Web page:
When You Don’t Look the Part

I brought my car to the dealership recently to have some work done. While the service department — interesting they’re called “service” and not “mechanics,” signaling (or suggesting?) perhaps a higher level of expertise — was working on my car, I started checking out some of the cars in the showroom. As I started eyeing the car I hope to get in a few years, I expected to be interrupted by a salesperson who would come running over to try and sell me on the car. Continue reading “When You Don’t Look the Part”

It’s All About Us

23021165181_5d611c08df_zThe deadly attacks in Paris last Friday have generated sincere expressions of shock, solidarity, mourning, and anger from around the world, yet that response also generated critical hashtags such as #selectivemourning. As many have discussed in social media and articles, bombings in Beirut the previous evening received only limited coverage in the US media and few mentions on social media. We can blame the media, but that is a little simplistic, as the media not only directs our interests but also reflects them. If sufficient numbers in the audience clamored for more information about the attacks in Beirut or previous attacks on civilians over the past twelve months in Nigeria, Kenya, Yemen, Afghanistan, and Pakistan, perpetrated by a range of forces, then the media coverage would increase. In fact, most who have pointed out the imbalance in the coverage are only doing so in the light of the Paris attacks. Few changed their Facebook profile photos for solidarity with Lebanon, despite it appearing in the news. Continue reading “It’s All About Us”

This Job Would Be Great If It Weren’t For The Students

Graduation

As a person who works at a small, Catholic liberal arts university that has a mission to serve underprivileged students, I am often intrigued by the manner in which discussions about the educational rights of the underprivileged weave their way through the academy.  I’m interested precisely because it seems that almost every scholar I know can talk about how enraged they are about the barriers that exist for underprivileged students, but few seem to openly connect this to the fact that the ways we are groomed to think about our own jobs simply reproduce these very same inequities. Continue reading “This Job Would Be Great If It Weren’t For The Students”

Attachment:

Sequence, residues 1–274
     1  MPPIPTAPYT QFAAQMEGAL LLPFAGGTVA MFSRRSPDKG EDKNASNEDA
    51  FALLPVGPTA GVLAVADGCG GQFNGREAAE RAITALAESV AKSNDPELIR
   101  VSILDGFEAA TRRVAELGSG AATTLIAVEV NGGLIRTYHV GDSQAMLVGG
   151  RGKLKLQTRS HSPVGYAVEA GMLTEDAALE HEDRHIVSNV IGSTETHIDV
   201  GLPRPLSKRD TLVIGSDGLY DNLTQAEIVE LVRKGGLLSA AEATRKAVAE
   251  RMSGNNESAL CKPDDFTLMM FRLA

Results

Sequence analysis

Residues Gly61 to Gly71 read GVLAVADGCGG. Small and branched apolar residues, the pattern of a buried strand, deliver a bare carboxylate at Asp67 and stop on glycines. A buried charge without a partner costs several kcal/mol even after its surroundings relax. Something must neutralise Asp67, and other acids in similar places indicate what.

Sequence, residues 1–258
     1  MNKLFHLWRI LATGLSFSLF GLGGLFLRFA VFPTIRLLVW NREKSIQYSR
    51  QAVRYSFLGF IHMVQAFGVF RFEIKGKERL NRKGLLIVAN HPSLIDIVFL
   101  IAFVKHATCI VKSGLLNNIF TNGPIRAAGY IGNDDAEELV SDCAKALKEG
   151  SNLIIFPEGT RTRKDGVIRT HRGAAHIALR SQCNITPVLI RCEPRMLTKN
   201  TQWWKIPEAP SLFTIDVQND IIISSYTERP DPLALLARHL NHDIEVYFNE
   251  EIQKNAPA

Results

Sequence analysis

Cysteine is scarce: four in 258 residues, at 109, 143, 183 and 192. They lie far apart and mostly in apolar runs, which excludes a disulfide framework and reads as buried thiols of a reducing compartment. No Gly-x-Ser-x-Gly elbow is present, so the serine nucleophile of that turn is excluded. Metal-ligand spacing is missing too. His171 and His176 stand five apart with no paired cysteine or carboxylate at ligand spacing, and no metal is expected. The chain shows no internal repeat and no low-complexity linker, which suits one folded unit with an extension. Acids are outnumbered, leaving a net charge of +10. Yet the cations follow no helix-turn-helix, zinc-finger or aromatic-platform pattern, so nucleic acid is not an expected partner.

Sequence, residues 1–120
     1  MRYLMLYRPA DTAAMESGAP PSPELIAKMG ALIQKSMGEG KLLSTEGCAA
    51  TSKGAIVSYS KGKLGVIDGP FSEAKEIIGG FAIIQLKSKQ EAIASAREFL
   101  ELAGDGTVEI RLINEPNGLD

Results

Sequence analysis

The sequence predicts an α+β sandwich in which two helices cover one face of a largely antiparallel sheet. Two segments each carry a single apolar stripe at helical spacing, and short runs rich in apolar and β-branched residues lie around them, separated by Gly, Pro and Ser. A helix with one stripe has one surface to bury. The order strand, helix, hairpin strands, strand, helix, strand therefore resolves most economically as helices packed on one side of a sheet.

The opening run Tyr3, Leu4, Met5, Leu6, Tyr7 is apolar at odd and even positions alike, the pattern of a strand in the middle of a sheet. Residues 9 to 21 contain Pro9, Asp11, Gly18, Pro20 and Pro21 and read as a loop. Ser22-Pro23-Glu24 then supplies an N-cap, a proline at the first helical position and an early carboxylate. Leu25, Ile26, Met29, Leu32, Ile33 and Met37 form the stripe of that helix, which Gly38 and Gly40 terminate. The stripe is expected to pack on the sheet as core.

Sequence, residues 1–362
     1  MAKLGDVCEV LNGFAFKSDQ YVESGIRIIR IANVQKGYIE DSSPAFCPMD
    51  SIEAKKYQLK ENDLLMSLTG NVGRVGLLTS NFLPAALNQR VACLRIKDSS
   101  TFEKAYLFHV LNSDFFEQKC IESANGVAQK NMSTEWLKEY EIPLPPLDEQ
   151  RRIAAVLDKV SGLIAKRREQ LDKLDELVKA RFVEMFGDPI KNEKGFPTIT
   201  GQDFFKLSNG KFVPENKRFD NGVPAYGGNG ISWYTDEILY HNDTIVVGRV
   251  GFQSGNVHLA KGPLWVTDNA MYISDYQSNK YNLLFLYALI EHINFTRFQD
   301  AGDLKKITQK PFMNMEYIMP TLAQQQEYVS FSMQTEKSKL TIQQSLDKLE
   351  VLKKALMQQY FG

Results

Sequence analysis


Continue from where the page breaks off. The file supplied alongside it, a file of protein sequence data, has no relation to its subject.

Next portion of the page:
Who Are You? I’m a Leg Crosser

madmensittingWho Are You?” asks members of Culture on the Edge to reflect
on one of their own many identities (whether national, gendered,
racial, familial, etc.), theorizing at the same time the self-
identification that they each chose to discuss.

Sometimes when students are in my office and I’m trying to draw their attention to the sometimes subtle ways in which we act ourselves into certain sorts of identities I’ll ask them to take a quick look at how we’re both sitting. There’s a good chance that I’m behind my desk, reclining a bit in my office chair, and seated like those guys above, and there’s an equally good chance that the student I’m talking to is not seated like this. And so drawing attention to how we’re both sitting — something that we’ve each done quite unselfconsciously, I’m sure — gives us a chance to think through identity as an empirically observable thing, as something we persuade ourselves and others that we have by repeatedly acting ourselves into it. Continue reading “Who Are You? I’m a Leg Crosser”

“Ferragamo Belts and America’s ‘Sagging’ Image of Racism”

102913-national-jay-z-trayon-christian-al-sharpton

Seen Monica Miller‘s latest BET post? Take a look…